メモ「ドイツの冬は再生可能エネルギーのアキレス腱を示す」by Reuters

[Gerard Wynn: "German winter shows Achilles heel of renewables: Wynn" (2012/10/16) by Reuters]

The extreme variability of wind and solar power in Germany is laid bare by 2012 data that also illustrates a particular vulnerability when power demand surges on cold winter days - they are often both weak at the same time.


Intermittent renewable energy requires grid balancing services, primarily from stand-by baseload fossil fuel capacity or battery and pumped storage, but also via interconnectors bringing power from other countries and regions.

The cost of that balancing need is still unclear, as European countries ramp up wind and solar capacity with an eye to meeting 2020 targets, with ambitious goals including Britain's aim to meet 15 percent of its primary energy demand from renewables, compared with less than 4 percent now.

Germany provides a good litmus test, given its large economy and rapid shift to renewable energy in the past five years.

Data from Germany's Fraunhofer Institute provide a detailed picture for the first 40 weeks of the year, from January 1 to October 7, and indicates the scale of grid balancing already needed.

For example, while the renewable energy lobby cheered a solar power peak at 22.4 gigawatts (GW) (or about a third of total lunchtime demand) on Friday, May 25, perhaps more relevant was a slump in combined wind and solar power during a surge in demand in an early February cold spell.



大規模な経済と過去5年の再生可能エネルギーへの急速なシフトにより、ドイツは良い判断材料を提供している。ドイツFraunhofer Instituteのデータは、2012年の1月1日から10月7日までの40週間分のデータは、既に必要となっているグリッドバランシングの規模を示している。例えば、再生可能エネルギーのロビーたちは5月25日に、ランチタイムの需要の1/3に相当する22.4GWを太陽光発電が記録したことを喜んだだろう。しかし、2月早朝の寒い需要増大時に、風力発電や太陽光発電の同時の落ち込んでいる。


Superficially, wind and solar in Europe complement each other seasonally, with summer peaks for solar power coinciding with a lull in wind power and the reverse holding true.

For example, aggregate solar power generation in the first week of January was only 7 percent of peak production in the final week of May, while for wind power generation the same week saw eight times the level in the first week of July, the minimum for the year so far.

However, that only applies when considering aggregate weekly or monthly data. In fact the two do not average out.

At a more refined hourly and daily level, wind power is seen to be equally unpredictable at any time of the year, recording minimum generation of 1 percent or less of installed capacity in each of the first nine months of the year.

Lulls in wind power in winter especially coincide with anticyclones bringing clear skies and cold weather when power demand is also high, revealing an Achilles heel for renewables, when sunlight is still relatively weak and the wind drops.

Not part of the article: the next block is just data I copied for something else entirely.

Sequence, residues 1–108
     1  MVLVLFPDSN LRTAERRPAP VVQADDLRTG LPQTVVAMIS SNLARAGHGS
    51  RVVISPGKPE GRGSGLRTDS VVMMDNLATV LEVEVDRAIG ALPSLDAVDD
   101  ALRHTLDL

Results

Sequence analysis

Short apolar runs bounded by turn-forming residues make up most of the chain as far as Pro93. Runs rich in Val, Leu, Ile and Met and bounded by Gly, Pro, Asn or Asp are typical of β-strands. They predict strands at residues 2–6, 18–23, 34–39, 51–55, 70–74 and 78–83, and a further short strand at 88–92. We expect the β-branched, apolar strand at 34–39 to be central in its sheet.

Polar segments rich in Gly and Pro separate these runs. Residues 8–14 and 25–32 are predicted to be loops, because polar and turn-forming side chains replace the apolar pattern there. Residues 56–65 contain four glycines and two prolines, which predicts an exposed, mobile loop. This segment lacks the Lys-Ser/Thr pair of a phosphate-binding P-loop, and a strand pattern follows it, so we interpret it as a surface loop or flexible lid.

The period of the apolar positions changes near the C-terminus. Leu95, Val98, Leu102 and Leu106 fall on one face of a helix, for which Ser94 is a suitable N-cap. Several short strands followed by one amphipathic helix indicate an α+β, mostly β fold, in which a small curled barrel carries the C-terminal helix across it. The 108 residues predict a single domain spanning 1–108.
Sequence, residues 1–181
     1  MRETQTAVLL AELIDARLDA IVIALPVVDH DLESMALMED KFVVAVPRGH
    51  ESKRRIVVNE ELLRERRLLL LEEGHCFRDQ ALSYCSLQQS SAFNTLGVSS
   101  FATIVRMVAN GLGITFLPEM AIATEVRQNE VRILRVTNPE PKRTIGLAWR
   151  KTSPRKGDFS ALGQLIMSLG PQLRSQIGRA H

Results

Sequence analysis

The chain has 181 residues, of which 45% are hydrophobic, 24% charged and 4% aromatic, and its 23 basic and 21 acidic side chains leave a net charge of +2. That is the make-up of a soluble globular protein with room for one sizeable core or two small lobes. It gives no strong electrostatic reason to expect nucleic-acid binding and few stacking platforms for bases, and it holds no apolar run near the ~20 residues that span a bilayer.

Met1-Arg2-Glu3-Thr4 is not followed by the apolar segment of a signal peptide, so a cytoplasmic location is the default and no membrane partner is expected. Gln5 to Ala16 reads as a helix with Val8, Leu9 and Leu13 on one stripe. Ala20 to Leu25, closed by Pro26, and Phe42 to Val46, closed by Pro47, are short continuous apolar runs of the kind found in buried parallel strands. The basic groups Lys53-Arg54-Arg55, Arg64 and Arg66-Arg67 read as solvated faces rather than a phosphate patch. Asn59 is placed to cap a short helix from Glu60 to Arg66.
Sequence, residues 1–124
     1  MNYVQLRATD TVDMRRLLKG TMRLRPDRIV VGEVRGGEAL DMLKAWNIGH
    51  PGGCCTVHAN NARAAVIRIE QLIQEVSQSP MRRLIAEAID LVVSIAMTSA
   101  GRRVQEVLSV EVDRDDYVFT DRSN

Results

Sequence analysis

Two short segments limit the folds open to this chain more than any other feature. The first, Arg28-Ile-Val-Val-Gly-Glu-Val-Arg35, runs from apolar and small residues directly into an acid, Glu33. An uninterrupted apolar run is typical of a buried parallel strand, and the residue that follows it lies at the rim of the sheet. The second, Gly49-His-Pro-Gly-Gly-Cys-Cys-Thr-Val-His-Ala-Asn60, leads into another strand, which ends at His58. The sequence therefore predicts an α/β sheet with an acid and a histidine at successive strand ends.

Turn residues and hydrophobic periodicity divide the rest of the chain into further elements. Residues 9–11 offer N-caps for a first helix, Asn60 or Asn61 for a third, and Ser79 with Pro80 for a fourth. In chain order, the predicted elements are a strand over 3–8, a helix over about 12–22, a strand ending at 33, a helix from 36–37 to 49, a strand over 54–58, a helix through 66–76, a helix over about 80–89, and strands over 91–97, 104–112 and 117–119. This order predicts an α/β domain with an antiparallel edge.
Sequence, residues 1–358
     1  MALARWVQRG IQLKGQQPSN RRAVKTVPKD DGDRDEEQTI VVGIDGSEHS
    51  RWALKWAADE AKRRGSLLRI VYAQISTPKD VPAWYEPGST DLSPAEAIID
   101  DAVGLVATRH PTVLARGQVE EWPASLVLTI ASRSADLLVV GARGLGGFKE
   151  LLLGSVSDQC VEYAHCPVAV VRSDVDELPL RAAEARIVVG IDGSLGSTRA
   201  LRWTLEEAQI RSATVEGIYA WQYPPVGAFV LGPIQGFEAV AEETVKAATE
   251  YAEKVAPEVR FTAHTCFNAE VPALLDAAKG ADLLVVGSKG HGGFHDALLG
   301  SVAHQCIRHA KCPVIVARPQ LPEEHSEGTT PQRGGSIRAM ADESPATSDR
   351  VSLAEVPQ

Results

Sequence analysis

A northwest European cold snap which hit a nadir in the week starting February 6 is illustrative.

The week recorded the second lowest combined German wind and solar power generation of the 40 weeks in 2012 to date, at 0.77 terawatt hours (TWh) compared with a weekly average of 1.48 TWh, Fraunhofer Institute data show.

In the same week, French power demand hit at an all-time record of 102 GW, on the evening of February 8, which affected Germany as it is a major exporter to France in February.

French power demand is especially high in winter because of a reliance on electric over gas heating.

Following this combination of factors, German conventional power production (fossil fuels and nuclear) also hit a 2012 high on the evening of February 8, at 65.9 gigawatts.

Natural gas in particular supplied the gap left by renewable energy, with peak production of 22.4 GW, very close to total gas-fired capacity of 24 GW.

While the grid survived, the risk of blackouts is clearly elevated without substantial fossil-fuelled back-up capacity.

And the narrowness of the margin suggests the confidence of the European Commission, in its "Quarterly report on European electricity markets", for the first quarter this year, may be misplaced:

"Despite harsh winter conditions, there was not a single serious disturbance in the European electricity system. This underlines the strength of the European internal electricity market and the effectiveness of related European policies."




2月6日から始まる週に北西ヨーロッパを襲った寒波は、その例である。その週は、ドイツの風力発電と太陽光発電の合計出力が2012年最小の0.77TWhとなった。Fraunhofer Instituteのデータによれば、平均1.48TWhである。



電力グリッドは生き延びたが、火力発電のバックアップ容量の増大がなければ、停電のリスクは明確に上昇している。予備力の減少は、欧州委員会の第1四半期の "欧州電力市場に関する四半期報告書"が表記するグリッド信頼性が見当違いなものであることを示している。
Despite harsh winter conditions, there was not a single serious disturbance in the European electricity system. This underlines the strength of the European internal electricity market and the effectiveness of related European policies.



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